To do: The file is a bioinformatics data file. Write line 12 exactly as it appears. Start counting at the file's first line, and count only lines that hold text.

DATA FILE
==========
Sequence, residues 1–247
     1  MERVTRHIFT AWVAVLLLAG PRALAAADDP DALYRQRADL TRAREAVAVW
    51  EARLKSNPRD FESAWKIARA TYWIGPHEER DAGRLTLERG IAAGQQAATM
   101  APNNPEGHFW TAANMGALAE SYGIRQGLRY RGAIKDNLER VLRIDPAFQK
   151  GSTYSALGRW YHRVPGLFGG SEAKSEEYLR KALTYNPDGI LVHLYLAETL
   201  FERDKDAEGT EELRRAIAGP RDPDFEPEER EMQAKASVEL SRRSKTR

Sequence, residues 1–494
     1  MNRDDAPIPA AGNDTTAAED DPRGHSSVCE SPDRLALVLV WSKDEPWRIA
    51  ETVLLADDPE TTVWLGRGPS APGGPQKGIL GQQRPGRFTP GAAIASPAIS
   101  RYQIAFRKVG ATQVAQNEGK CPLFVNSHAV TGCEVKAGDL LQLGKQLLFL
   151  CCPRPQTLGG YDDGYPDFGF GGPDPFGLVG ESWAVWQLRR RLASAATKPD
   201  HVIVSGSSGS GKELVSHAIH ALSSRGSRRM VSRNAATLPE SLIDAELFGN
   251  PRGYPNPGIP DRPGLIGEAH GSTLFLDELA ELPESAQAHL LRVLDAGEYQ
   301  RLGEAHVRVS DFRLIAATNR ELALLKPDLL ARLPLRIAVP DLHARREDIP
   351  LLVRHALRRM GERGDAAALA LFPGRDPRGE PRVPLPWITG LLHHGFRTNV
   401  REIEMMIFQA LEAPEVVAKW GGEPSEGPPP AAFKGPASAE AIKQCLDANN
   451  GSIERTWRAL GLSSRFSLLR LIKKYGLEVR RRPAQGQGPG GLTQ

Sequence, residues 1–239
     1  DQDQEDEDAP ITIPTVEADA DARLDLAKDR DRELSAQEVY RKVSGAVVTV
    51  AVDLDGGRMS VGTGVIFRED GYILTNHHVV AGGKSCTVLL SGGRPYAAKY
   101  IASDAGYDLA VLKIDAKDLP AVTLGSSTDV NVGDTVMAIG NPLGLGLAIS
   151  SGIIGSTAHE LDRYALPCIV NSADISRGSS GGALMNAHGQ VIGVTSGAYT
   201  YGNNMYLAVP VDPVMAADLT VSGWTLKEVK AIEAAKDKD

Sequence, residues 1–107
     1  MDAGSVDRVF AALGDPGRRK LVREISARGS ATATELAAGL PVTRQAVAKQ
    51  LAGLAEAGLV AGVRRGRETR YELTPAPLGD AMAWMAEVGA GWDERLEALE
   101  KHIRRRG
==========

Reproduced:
   201  HVIVSGSSGS GKELVSHAIH ALSSRGSRRM VSRNAATLPE SLIDAELFGN